From nurse to doctor: UTMB medical student finds her "match"

Apr 20, 2016, 09:23 AM by KirstiAnn Clifford

AgnesUsoro
Fourth-year medical student Agnes Usoro looked calm as she waited to receive the envelope that would reveal her fate for the next three to seven years.

“I was more nervous last night,” said Usoro. “But today, I’m pretty calm. It’s all in God’s hands—I’m just really excited to find out where I’m headed!”

Usoro was one of 218 students at UTMB—more than 30,000 students nationally—to learn on March 18 where they would continue their medical training. During UTMB’s annual Match Day Ceremony, students, faculty, family and friends gathered in the main auditorium of Levin Hall as students were called randomly to pickup their “match” envelopes.

It was a celebratory atmosphere with music, signs and even a cash jackpot for two lucky students. But the main focus was on the envelopes that contained the location where each student would be participating in residency training.

Usoro took the road less traveled to get to where she is today. Originally from Sugar Land, she got her bachelor’s degree in nursing at Georgetown University in Washington, DC, and started working in the Texas Medical Center as an ICU nurse before deciding to make a career change.

“I asked doctors a lot of questions about my patients and was just really curious,” said Usoro. “I had a resident friend who told me I should seriously consider medical school. After toying around with the idea, I went for it.”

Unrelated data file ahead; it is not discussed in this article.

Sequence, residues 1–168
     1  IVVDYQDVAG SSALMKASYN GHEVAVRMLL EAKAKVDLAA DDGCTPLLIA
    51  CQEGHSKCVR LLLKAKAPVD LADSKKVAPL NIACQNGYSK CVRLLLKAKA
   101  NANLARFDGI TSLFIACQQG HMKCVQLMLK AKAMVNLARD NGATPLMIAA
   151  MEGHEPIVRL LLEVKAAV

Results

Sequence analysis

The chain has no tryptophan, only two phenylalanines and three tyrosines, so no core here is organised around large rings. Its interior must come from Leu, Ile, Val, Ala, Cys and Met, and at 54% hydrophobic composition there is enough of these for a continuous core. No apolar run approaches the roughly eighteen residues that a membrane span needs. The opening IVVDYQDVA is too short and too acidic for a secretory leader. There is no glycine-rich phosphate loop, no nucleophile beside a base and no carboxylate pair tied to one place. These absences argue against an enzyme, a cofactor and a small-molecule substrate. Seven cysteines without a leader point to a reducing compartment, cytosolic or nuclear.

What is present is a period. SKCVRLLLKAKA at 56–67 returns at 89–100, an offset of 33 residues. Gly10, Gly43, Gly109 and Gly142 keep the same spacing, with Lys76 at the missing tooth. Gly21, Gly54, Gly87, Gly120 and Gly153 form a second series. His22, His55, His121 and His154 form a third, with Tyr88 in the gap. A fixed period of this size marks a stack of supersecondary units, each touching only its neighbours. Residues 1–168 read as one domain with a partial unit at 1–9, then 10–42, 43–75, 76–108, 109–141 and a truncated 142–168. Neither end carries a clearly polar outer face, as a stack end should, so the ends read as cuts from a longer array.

Once at UTMB, she knew she wanted to do emergency medicine after her first rotation.

“I love the fast pace—you could call me an adrenaline junky,”said Usoro. “I just like caring for acute pathologies, so emergency care is the best fit. I’ve also been very active at the student-run St.Vincent’s Clinic and work to understand the social determinants of health and bring that into my practice as a physician. Caring for the patient as a whole rather than just the disease in front of me is a really big part of why I like emergency medicine, because you don’t have to worry about a lot of red tape or a patient’s insurance situation.”

As her siblings and best friend watched with anticipation, Usoro’s mother opened her daughter’s envelope, pulled out the piece of paper and read where she matched: the Emergency Medicine department at Johns Hopkins Hospital in Baltimore.

“It’s my top choice!” said Usoro, who will be the first doctor in her family. “I did 16 interviews across the country, from California to Tennessee to Maryland. I really loved the program and curriculum at Johns Hopkins, so I’m just really excited to to start there this summer.”

After years of training and months of nervous waiting to see where they’d begin the next phase of their lives as physicians, Usoro and many of her classmates had short-term plans that didn’t involve school or studying.

“I’m probably going to party tonight.”
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